Allie was in the lobby, and we greeted each other warmly. It was great to see her again.
But for some reason, I never went back. Never rejoined LCTI. Never went to the meetings. Never went to another production. It just wasn’t the same. Not without Maryann and Gary and Arlene and the rest of the gang from high school.
Someone asked me once why I found auditioning so anxiety ridden, and I had a few ideas, but as I was getting ready to write this post a thought occurred to me.
I’ve mentioned that I have no problem getting up in front of a large group of people to perform or give a speech or whatever, but it’s just the auditioning process that makes me nervous. On the other hand, I’ve often interviewed for jobs, and I don’t recall ever being particularly nervous during those interviews, and aren’t job interviews like auditions?
Yes, they are, but there’s one big difference. I’ve never interviewed for a job that I didn’t think I was fully qualified for, so I was always confident during the interviews. But I didn’t have that same confidence when I auditioned for a role in a play. Plus it had been years since the Janus production, so whatever momentum I might have felt from that had long since dissipated. And even though people had been telling me for years that I have a great speaking voice, I didn’t hear it myself, so I never fully believed it.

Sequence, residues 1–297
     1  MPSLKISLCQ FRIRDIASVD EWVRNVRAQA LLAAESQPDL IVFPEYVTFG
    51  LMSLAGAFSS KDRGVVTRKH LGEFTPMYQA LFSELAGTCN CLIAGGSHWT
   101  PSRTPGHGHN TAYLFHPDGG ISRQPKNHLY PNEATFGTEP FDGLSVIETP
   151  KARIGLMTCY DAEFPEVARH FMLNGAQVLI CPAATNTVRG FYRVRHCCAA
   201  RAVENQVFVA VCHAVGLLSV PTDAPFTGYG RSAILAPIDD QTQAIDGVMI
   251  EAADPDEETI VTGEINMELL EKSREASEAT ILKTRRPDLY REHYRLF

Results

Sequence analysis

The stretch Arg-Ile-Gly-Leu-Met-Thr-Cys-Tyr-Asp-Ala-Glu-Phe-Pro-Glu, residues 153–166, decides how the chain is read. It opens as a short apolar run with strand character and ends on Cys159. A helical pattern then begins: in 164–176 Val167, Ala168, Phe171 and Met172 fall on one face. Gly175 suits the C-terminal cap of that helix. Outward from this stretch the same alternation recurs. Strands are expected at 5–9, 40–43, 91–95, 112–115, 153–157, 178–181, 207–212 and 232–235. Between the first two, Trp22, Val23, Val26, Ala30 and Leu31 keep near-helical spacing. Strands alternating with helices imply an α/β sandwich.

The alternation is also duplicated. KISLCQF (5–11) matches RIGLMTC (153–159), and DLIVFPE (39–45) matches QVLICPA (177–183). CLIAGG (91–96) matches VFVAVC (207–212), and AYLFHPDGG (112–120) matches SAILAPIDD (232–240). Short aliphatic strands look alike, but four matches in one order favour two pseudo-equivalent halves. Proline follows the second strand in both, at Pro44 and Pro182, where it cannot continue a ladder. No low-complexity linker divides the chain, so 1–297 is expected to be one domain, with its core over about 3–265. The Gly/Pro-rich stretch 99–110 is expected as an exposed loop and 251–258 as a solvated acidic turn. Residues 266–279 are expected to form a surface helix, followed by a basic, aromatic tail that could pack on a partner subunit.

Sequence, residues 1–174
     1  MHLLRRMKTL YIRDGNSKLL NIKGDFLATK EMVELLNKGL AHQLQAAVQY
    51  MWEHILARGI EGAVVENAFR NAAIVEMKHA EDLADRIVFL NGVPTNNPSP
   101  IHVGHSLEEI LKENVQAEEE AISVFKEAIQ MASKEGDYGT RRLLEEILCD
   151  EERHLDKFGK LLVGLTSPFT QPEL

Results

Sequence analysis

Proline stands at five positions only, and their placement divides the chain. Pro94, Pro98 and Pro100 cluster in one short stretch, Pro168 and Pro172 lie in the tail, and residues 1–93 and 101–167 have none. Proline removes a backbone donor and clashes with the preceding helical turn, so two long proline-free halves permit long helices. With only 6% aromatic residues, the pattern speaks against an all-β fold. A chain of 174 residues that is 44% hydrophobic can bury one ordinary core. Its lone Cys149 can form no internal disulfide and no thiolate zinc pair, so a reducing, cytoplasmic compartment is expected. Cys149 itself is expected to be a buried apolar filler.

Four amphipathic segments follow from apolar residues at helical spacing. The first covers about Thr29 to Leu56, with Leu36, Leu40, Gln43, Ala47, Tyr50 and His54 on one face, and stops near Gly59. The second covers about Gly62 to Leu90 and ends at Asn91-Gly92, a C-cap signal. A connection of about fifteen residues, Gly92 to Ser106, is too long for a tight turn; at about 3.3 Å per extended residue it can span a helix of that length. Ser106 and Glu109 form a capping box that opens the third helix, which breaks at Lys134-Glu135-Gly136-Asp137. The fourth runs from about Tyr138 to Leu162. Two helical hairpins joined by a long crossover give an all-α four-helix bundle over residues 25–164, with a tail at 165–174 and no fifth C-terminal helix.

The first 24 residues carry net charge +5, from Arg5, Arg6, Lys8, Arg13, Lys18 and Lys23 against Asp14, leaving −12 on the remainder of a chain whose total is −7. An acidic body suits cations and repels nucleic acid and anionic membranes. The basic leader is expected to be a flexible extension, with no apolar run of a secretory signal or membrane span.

As technology has evolved, in recent years I’ve discovered something that I enjoy far more than performing, and that is editing. As in editing videos. I don’t think I could have ever made a career as a film editor when that meant working with actual film, because I recall the days of working with audio tape and I always hated having to splice the physical tape. But now that video or movie editing involves working with digital media—if I had been born a mere 50 years later I could well imagine pursuing such a career.
I dwelled on my Janus memories much longer than I had anticipated (though I have some memories that I wasn’t able to work into any of the posts), mainly because I’ve enjoyed reliving that period in my life, and I hope I communicated some of the joy of the experience. If I could literally relive just one period in my life, that’s probably the one I would choose. It’s a shame that I don’t have any photos of the production or of my fellow cast members or crew. It’s sobering to reflect on the fact that I never saw any of my fellow cast mates after our final performance (save briefly John Roberts the following week in the library), and that barring something unexpected, I’m unlikely to ever see any of them again. Assuming they are still with us, and I fervently hope they are, Molly would be about 80 years old, John about 90, and Chet somewhat older. Mary Ann would be in her early 70s, and our director, John, would be, I think, close to 90.
As I don’t believe in an afterlife (actually, I’m as certain as it’s possible to be that this is the only life we get), I’m not expecting any kind of reunion in the great hereafter. But if I turn out to be wrong, and we all find ourselves together again in some version of the Good or the Bad Place, I can visualize John gathering us together for an encore performance as he whips us back into shape.
“Hold it! Denny, repeat that last line. And this time say it as if you mean it!”